“I think of it as a great decoupling, and I’m not surprised that we’re seeing it, because this is very similar to what we saw during the global financial crisis, and it has to do, primarily, with monetary policy,” she told me. “What we saw during the global financial crisis is a Fed that provided extraordinary policy tools that it had never used before … and that was what decoupled the stock market’s fortunes from that of the economy. And so it came as no surprise that we saw the same thing happening this time.”

This can all feel a little wonky, but it boils down to: In the modern bailout era, between the Fed and the federal government, there’s reason for equity investors to feel okay.

A concrete example of the impact of the Fed’s maneuvers is Boeing. Last week, the aerospace company said it had raised $25 billion in a bond offering, and it didn’t need federal aid to do it because private investors had taken up the offer. Other companies have done the same, including Nike, Procter & Gamble, and Visa.

“If there’s that much appetite in the bond markets to invest in debt, as an equity investor, that’s a reason to feel okay about things in relative terms,” the Goldman associate, who asked to remain anonymous, told me.

Political will to do more on the stimulus end of things may be waning in the White House and among some Republicans, at least in the near term, but the Fed has indicated it plans to forge ahead. At a press conference last week, Fed chair Jerome Powell said the central bank is committed to using its “full range of tools” to support the economy as long as needed. “We have a number of dimensions on which we can still provide support to the economy,” he said. “As you know, our credit policies are not subject to a specific dollar limit.”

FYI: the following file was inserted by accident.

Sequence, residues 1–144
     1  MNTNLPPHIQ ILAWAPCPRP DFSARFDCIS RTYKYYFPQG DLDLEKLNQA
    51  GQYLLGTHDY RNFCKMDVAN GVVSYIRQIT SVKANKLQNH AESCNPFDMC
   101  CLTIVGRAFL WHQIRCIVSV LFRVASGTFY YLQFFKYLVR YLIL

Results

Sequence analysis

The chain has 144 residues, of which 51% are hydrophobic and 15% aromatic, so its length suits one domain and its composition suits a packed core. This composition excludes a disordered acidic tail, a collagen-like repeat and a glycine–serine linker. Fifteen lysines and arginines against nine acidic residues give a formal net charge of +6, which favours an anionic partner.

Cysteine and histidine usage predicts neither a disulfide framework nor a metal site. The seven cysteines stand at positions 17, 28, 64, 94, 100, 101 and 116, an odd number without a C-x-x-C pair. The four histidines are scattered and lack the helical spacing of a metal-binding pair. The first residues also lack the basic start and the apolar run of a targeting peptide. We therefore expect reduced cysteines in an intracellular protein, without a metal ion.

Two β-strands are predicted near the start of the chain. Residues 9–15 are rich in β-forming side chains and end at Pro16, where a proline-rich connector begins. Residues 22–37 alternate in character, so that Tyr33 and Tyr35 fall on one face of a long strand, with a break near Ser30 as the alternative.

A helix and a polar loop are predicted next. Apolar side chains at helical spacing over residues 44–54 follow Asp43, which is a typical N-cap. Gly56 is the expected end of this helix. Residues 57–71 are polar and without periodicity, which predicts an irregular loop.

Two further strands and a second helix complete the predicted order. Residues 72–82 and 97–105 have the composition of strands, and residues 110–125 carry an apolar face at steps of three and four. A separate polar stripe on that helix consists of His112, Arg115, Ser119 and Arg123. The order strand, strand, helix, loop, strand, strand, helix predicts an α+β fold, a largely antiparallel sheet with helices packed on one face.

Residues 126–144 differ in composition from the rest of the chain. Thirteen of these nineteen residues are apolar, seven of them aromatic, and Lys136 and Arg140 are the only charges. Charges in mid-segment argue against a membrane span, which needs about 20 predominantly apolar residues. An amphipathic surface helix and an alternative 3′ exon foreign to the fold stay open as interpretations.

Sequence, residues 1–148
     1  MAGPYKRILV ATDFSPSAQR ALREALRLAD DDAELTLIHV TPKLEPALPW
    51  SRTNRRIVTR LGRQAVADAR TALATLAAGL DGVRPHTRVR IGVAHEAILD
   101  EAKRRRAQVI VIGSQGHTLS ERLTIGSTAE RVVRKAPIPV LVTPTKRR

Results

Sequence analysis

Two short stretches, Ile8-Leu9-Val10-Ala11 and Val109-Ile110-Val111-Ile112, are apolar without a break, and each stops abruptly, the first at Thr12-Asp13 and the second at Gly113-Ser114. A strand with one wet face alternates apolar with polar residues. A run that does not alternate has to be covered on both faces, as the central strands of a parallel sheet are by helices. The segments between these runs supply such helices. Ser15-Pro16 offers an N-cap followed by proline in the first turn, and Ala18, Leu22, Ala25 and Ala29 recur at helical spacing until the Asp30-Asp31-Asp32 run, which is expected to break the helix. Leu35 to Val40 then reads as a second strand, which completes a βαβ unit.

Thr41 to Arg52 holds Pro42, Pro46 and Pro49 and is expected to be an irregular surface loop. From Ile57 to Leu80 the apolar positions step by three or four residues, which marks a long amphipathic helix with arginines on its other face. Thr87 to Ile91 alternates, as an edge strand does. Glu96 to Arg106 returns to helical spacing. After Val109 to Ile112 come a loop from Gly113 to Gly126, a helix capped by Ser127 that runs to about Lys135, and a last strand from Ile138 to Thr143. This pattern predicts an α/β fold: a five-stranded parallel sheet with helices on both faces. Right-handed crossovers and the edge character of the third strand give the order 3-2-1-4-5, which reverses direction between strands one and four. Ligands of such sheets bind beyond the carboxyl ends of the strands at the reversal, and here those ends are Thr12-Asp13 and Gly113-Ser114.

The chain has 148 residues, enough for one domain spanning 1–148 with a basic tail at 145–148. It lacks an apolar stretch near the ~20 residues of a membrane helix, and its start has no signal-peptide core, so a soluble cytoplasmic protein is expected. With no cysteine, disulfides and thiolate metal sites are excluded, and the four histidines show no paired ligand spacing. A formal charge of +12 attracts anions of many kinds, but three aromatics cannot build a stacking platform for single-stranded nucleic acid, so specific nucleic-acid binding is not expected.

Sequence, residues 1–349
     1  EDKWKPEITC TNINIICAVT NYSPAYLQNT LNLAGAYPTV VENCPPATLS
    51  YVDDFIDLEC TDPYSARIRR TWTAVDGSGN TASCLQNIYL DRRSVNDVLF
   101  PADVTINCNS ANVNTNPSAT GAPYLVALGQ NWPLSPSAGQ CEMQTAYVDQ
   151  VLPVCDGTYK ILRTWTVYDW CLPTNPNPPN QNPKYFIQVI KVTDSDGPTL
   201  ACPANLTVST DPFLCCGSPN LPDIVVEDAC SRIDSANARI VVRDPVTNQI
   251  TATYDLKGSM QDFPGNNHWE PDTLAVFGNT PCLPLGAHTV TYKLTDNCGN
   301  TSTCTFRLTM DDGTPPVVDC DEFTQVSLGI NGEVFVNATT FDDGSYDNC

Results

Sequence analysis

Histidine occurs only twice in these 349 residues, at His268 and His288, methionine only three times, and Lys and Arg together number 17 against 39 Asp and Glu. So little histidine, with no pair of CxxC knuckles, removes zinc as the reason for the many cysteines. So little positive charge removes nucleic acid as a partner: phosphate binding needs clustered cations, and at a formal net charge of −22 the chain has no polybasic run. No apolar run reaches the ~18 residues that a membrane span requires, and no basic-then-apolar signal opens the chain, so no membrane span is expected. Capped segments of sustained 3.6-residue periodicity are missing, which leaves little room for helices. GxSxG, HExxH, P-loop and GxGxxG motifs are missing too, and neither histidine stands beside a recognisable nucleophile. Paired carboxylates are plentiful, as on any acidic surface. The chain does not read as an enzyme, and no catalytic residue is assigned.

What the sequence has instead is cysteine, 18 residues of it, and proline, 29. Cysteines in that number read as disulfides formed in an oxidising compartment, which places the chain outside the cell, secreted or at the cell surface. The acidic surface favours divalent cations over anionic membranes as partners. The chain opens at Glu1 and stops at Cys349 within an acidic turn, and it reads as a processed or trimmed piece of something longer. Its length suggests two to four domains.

Gillian Tett, editorial board chair at the Financial Times, recently argued that what’s happening now with stocks is a test of whether you think this is a liquidity crisis or a solvency crisis — basically, whether you think corporate America’s woes are a short-term question or a long-term one. The Fed’s actions solve the immediate liquidity problem — they keep companies afloat right now — but they don’t solve whether a business is going to be viable and therefore able to pay back their debts in the long run. To go back to Boeing: That $25 billion bond raise is helpful right now, but the future of the company hinges on someone buying its planes.